Notice Pay and Penalty Clauses

 In Employment, Oakwood Solicitors - Latest News
Notice Pay and Penalty Clauses

Can an employer deduct a month’s salary from an employee’s wages for their failure to work during their notice period?

This is the question that has been considered recently by the Employment Appeals Tribunal (EAT) in the case of Li v First Marine Solutions.

The Claimant had resigned and did not work during her notice period as she believed that she had outstanding holiday available. The parties agreed that the effect of the Claimant’s employment contract was that the employer could not only withhold her pay during the notice period if she did not work but they could also deduct a sum equal to the value of the shortfall from any outstanding amount.

The Claimant argued that this was not enforceable as it was a penalty clause.

The Employment Tribunal disagreed and held that the clause was enforceable. This was justified because the Claimant did not work her period of notice even though she did not in fact have any holiday remaining and it was difficult and expensive to recruit a replacement at short notice.

This decision was upheld by the EAT although they did express concerns that the parties had agreed on the effect of the clause. The EAT then made a number of observations regarding this type of clause.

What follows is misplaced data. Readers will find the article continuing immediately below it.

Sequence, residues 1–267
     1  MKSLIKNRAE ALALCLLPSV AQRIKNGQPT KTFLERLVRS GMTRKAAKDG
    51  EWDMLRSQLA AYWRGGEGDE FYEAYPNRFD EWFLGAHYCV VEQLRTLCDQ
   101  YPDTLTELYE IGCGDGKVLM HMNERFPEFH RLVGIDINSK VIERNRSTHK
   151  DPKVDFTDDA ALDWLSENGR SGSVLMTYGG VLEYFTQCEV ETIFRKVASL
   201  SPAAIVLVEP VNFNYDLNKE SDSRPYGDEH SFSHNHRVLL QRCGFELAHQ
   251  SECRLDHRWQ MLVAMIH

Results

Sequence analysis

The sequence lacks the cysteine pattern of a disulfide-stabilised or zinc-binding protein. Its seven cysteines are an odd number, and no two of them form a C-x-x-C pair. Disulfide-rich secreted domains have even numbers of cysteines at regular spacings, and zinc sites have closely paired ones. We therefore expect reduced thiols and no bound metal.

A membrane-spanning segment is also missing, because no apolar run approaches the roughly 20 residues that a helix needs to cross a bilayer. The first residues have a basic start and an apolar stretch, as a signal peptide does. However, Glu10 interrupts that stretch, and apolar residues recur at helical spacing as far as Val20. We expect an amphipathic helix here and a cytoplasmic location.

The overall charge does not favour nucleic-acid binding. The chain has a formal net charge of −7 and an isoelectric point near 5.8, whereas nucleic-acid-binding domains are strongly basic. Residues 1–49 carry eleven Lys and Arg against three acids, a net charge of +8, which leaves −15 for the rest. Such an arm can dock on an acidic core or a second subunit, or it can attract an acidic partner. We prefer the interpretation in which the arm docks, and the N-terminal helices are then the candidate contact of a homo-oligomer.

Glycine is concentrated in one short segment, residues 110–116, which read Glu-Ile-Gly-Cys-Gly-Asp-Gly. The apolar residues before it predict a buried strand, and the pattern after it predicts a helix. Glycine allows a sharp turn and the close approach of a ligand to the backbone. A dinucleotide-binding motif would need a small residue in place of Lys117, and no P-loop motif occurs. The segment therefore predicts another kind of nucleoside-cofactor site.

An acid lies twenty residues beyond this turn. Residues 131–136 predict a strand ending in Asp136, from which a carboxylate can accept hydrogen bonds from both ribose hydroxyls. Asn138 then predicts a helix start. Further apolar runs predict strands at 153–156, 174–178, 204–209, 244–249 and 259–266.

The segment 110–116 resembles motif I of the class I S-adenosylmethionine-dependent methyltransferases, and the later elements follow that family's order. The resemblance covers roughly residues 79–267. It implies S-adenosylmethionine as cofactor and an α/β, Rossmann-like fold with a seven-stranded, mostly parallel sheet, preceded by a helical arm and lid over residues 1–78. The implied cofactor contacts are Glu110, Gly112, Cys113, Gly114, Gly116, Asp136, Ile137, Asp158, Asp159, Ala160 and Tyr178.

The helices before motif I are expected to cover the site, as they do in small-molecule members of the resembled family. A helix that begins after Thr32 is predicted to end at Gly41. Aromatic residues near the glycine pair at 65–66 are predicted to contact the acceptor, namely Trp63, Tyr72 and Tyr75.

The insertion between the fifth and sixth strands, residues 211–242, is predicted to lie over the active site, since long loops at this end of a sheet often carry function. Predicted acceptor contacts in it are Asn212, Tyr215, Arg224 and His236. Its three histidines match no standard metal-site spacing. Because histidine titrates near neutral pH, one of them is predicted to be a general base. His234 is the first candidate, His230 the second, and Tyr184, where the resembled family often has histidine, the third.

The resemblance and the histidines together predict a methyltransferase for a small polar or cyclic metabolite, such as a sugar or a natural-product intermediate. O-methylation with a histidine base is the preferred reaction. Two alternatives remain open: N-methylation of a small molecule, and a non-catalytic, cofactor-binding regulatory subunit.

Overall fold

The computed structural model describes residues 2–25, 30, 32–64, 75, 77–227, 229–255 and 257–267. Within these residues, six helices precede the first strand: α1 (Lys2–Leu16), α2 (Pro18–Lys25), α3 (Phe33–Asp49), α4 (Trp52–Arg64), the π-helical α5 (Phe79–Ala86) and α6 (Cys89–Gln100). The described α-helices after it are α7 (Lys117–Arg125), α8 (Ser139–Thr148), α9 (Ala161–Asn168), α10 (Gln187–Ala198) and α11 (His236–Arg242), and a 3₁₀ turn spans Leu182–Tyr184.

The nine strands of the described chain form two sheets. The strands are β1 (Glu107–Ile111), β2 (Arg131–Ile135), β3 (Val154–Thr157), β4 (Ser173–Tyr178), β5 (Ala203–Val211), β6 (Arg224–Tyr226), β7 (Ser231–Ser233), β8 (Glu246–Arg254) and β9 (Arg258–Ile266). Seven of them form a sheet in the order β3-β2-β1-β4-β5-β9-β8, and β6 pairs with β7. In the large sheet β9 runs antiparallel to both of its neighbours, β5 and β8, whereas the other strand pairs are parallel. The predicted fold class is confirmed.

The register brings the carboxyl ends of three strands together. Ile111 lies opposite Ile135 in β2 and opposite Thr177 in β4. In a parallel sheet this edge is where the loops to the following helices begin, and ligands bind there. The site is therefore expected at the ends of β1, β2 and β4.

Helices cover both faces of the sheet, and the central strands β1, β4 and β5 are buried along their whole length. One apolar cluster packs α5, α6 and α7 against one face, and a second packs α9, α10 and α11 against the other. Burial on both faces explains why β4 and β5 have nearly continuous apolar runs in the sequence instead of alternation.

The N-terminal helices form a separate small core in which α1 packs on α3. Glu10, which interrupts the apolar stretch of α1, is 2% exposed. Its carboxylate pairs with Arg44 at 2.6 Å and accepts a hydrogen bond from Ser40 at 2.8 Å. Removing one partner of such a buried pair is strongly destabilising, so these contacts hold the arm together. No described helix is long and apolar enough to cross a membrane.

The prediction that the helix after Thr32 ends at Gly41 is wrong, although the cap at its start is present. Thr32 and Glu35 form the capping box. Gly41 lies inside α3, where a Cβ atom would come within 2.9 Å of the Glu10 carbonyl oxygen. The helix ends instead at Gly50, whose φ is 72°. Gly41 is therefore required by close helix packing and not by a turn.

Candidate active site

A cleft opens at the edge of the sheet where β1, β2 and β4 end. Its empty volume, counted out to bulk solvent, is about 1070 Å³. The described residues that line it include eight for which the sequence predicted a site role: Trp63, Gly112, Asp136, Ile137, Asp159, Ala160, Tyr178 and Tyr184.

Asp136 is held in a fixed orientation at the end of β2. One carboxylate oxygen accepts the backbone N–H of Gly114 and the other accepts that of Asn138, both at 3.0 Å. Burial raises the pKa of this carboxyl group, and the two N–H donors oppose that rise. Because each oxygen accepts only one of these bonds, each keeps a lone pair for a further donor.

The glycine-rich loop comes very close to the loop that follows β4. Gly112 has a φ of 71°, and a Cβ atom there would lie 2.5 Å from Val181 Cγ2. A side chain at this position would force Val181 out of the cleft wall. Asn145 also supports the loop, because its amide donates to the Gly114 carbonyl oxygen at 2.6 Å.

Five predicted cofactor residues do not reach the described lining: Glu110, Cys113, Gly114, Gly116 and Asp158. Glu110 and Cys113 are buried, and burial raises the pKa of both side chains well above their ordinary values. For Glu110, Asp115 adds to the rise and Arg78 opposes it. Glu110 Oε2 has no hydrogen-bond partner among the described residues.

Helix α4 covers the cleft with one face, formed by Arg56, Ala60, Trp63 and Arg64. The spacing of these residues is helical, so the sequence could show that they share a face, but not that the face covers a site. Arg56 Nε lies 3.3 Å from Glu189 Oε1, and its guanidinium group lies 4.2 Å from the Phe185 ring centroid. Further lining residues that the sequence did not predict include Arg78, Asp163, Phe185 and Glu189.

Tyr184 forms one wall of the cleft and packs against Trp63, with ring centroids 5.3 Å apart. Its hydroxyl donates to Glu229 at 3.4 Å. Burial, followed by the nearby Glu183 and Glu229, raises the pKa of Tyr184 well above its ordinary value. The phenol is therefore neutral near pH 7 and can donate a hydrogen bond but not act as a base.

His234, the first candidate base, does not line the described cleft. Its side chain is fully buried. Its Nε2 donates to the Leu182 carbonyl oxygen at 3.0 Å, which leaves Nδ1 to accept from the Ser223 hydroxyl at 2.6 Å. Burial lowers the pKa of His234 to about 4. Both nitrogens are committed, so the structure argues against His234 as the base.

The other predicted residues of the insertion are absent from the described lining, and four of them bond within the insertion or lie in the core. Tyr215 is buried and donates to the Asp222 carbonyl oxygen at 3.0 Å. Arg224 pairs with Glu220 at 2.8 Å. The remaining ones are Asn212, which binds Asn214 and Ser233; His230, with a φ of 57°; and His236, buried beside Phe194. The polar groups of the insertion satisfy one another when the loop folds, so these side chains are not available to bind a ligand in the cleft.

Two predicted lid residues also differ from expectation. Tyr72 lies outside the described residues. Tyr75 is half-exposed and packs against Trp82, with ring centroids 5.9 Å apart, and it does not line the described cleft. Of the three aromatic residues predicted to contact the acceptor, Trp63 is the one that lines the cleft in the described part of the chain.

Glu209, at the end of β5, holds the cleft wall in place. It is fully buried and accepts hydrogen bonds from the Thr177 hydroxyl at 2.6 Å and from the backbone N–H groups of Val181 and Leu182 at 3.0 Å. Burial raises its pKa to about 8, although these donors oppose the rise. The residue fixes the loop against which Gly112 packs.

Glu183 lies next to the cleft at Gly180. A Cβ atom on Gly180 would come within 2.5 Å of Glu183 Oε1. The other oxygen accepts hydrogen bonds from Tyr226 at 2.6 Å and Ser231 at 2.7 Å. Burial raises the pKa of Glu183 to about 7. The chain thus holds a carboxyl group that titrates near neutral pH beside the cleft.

The Employment Tribunal should carefully consider the reality of employment circumstances and whether this effect was truly intended by the parties. Otherwise the normal principle would be “no work no pay” without the additional deduction.

The Employment Tribunal should also consider whether the clause was actually a penalty clause as opposed to a liquidated damages clause or just a clause entitling the employer to withhold pay.

Employees should be careful when resigning from their employment and make sure that if they do not work their notice period they are not in breach of their contracts. If employers and employees are able to agree on the effect of a clause similar to that detailed above it is less likely that the Tribunal would consider it to be unenforceable as no one party would be seen in a stronger negotiating position than the other.

If you have resigned from your employment or been dismissed for any reason and you employer has refused to pay all or part of the remaining owed to you please contact the dedicated employment team at Oakwood Solicitors and we will be happy to discuss this with you.

Anthony Fox

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